There's an interesting article in the BBC online Magazine about Graveyard Etiquette.
There are no rules for visiting burial sites and a number of different groups have fallen foul. Birders for instance can get in trouble when a rare bird arrives at a churchyard, there have been reports of birders trampling on graves to get a good view.
The public probably are unaware that the 1977 Local Authority Cemeteries' Order sets down some basic laws of conduct. Creating a disturbance in a churchyard, committing a nuisance, wilfully interfering with burials or graves, or playing games or sports, are all finable offences.
Personally I'd find it hard to argue with that but i've seen kids use graves as climbing frames as there parents looked on. They got told to show some respect by me though.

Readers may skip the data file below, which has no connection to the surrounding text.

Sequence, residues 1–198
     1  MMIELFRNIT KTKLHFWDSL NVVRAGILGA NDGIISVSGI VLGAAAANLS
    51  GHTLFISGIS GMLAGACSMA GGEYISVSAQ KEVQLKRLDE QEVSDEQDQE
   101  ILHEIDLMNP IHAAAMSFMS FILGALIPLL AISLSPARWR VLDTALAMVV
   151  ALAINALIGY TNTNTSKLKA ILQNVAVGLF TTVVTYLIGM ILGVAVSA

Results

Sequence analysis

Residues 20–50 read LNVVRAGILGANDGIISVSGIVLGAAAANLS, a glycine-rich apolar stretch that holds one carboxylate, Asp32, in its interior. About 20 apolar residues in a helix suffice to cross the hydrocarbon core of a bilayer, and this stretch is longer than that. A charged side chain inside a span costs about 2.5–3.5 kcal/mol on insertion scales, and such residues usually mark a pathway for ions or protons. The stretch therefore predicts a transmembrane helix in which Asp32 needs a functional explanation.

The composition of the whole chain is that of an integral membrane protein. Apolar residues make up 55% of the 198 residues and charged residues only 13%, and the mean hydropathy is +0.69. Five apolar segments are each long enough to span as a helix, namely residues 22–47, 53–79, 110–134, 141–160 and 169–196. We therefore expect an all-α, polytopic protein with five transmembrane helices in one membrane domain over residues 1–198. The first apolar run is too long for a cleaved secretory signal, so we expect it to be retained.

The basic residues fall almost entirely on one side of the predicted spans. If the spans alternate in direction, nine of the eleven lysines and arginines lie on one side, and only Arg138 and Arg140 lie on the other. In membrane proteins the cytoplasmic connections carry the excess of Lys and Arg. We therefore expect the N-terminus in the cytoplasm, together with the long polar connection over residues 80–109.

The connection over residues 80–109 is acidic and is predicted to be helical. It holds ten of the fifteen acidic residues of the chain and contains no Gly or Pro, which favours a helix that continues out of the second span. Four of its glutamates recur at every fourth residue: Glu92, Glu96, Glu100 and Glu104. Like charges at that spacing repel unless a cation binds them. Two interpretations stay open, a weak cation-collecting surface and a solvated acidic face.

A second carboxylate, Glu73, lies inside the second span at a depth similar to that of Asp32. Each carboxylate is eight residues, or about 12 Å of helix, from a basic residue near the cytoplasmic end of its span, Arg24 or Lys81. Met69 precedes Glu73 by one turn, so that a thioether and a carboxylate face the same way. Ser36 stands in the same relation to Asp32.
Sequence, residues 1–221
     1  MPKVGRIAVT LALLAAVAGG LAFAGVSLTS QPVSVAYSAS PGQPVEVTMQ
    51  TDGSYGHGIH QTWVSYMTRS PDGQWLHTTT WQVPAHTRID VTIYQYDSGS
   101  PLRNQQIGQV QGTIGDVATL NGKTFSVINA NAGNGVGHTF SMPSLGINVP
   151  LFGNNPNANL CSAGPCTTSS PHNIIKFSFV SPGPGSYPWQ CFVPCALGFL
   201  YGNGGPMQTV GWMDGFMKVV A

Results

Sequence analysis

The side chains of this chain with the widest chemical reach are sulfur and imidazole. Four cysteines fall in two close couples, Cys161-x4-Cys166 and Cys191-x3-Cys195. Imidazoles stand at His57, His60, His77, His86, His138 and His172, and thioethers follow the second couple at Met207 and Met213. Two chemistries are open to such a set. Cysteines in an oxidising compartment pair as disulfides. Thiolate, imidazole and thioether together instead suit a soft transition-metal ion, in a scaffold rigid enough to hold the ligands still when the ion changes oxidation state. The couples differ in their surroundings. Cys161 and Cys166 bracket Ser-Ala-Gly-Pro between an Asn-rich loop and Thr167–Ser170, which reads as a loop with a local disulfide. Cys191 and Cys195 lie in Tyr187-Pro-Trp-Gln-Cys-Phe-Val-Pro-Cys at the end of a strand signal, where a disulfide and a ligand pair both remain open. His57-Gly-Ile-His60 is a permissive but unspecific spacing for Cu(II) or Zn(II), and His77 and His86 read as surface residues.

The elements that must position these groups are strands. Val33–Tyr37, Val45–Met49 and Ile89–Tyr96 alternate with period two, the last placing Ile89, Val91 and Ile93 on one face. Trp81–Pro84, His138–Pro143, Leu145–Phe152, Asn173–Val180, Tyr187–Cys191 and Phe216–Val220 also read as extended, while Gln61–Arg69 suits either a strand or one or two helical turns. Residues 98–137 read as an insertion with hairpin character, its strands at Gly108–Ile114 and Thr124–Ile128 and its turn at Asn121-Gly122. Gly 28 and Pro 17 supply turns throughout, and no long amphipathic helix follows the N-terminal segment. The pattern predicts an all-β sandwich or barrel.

There was anger in Scotland recently when a family picnicked on top of one of the grave mounds at Culloden. As someone said such behaviour would not be accepted at World War I battlefields such as Flanders or Ypres.
The National Trust for Scotland and are currently having signs made up to explain that the battlefield is a war grave and asking visitors to behave accordingly
Of course even those who should no better get it wrong.
St Mary's church in Wimbledon Village charged tennis fans £20 a day to park in its burial ground, it justified the decision by saying the graves were 200 years old or more. No living relatives would be offended, it said. It also gave the money to charities.
Are we less respectful? I think we are. Part of that is that previously families stayed in the same area and therefore were able to pay respects and keep graves in good order. Now we all live miles apart and graves are left unattended, of course that is no reason to show disrespect.